It should be mentioned that the above correction technique while described for compensating for ripple torque generated by use of the triangular waveform may be applied, in general, to many different causes of ripple torque generated in such a system. For example, the slot torque generated by the physical slots cut for the stator windings in the motor may be compensated by this technique. These are generally '2, 4, 8, etc. slots per pole pair on a motor; therefore, deriving a signal from the voltage controlled oscillator at the proper frequency and comparing it with a properly phased reference signal by means of an EXCLUSIVE OR gate, will generate a triangular distribution of the required number of cycles per motor revolution, which may be processed and summed into the control signal in summation circuit 162 as a correction signal. This technique may be repeated, as required, to simultaneously correct ripple errors at more than one frequency.

The embodiment shown in FIG. 2 has been built and operated using circuits which are suitable for or were available in integrated form, thus providing a compact package of high reliability.

While there has been shown and described what is considered to be the preferred embodiments of the present invention, it will be obvious to those skilled in the art that various changes and modifications may be made therein, for example, although the embodiment disclosed describes the use of DC control signals, AC signals may be used for control and sinusoids may be substituted for square waves, without departing from the invention as defined in the appended claims.

We claim:

1. A drive system for electronically commutating a P- phase motor having P stator windings and a permanent magnet rotor with M pole pairs mounted on a common shaft with the rotor of a resolver having R pole pairs, where M is an integral multiple of R, which continuously senses the rotor to stator angular position of the motor by producing a sinusoidal output when excited by a signal having a frequency of m the drive system for which comprises:

means for transforming the sinusoidal output signal from the resolver into a variable phase square wave signal, the phase being a function of the rotor to stator angular position;

a voltage controlled oscillator network having an input terminal and P output terminals providing P square wave output signals of nominal frequency separated in phase by 180/P degrees;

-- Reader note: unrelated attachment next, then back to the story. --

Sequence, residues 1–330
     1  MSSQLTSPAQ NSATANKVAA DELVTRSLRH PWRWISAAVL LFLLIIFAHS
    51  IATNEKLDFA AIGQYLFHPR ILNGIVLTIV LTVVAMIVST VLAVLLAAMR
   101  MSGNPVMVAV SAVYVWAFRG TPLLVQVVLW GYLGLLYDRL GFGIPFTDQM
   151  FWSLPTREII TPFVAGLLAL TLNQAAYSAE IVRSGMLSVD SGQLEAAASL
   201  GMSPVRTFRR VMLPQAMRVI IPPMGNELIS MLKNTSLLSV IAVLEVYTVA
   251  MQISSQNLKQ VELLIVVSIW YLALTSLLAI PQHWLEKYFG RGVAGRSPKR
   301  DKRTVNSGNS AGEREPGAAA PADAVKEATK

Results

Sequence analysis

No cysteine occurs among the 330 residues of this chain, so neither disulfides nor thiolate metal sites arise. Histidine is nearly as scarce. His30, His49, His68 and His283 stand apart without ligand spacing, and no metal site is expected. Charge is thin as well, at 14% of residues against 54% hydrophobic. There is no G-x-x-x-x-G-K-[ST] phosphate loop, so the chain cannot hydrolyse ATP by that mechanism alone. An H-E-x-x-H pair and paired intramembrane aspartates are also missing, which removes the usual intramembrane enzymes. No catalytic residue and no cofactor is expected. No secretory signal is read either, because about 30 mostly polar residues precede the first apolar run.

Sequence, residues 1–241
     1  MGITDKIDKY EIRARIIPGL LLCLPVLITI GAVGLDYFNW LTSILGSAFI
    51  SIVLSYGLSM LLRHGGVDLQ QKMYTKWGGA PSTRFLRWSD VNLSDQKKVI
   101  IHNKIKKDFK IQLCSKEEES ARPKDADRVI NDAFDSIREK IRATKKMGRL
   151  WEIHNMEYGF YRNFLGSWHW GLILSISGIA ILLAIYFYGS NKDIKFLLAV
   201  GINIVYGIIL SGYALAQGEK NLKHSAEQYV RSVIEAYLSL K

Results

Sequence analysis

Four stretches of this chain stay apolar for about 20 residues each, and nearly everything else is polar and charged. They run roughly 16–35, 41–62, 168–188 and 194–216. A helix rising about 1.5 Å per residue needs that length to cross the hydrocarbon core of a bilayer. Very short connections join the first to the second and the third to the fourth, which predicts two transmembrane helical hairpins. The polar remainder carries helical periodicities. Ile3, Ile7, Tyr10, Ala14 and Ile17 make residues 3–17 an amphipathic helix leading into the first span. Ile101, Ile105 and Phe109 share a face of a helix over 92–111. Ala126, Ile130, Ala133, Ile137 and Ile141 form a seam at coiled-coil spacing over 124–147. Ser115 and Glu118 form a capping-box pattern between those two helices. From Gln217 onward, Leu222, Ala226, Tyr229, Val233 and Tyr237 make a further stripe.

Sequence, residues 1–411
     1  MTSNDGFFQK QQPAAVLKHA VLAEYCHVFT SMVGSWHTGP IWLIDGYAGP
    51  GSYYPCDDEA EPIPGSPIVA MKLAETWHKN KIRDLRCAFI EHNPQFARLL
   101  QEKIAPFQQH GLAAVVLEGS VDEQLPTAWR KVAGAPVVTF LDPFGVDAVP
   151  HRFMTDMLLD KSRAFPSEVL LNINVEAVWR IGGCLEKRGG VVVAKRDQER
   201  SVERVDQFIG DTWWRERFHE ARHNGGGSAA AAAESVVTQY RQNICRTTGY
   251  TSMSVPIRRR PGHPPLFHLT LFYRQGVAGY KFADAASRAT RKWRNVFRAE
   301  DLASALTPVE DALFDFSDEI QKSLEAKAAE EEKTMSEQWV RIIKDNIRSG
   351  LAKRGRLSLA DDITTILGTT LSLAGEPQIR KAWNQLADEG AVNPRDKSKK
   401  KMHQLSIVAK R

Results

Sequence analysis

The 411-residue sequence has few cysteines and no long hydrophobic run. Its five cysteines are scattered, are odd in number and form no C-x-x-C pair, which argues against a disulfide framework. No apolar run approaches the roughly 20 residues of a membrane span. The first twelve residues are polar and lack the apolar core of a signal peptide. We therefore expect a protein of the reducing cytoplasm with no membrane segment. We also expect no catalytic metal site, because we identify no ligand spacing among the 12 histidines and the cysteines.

a countdown circuit which counts down in frequency its input signal by a factor of M having an input terminal connected to one of the output terminals of the voltage controlled oscillator network;

a first phase comparator having first and second input terminals and an output terminal, the first input terminal being connected to the output of the countdown circuit, the second input being connected to the output of the transforming means, and the output being connected to the input terminal of the voltage controlled oscillator network whereby an error signal is generated in the phase comparator to control the frequency and phase of the P output signals;

a source of DC control signals;

means for providing a pulse width modulated control signal with a level proportional to the level of the DC control signal;

Cir

a source of a square wave reference signal of frequency MO) R 0 phase locked to the resolver excitation signal;

means for comparing the phase locked reference signal and the pulse width modulated reference signal to provide a pulse width modulated reference signal of a nominal frequency of a group of P phase comparators each having first and second input terminals and an output terminal, the first input of each phase comparator being connected to a different one of the P output terminals of the voltage controlled oscillator network and the second input terminal of each phase comparator being connected in common to the output of the comparison means thereby generating P phase coordinated control signals; and

a group of P power stages being connected between the output terminals of the group of P phase comparators and the motor stator windings to control the operation of the motor.

2. A drive system according to claim 1 in which said motor is a two phase synchronous motor.

3. A drive system according to claim 2 in which said voltage controlled oscillator network comprises:

a voltage controlled oscillator having an input terminal and an output terminal, the input terminal being connected to the output terminal of said first phase comparator providing a signal of nominal frequency at the output terminal, where X is a power of 2; and

a phase splitter network having an input terminal and first and second output terminals, the input terminal being connected to the output terminal of the voltage controlled oscillator, the output signals being in phase quadrature at nominal frequency and in which said means for providing a pulse width modulated control signal comprises:

a triangle wave generator having a frequency of co and an output terminal;

a summation circuit having first and second input terminals and an output terminal, the first input terminal being connected to said source of DC control signals and the second input terminal being connected to the output terminal of the triangle wave generator, thereby providing a triangular wave output signal having a level proportional to the DC input signal; and

means for generating a pulse width modulated square wave signal from the triangular Wave signal from the summation circuit.

4. A drive system according to claim 3 in which said phase splitter network comprises: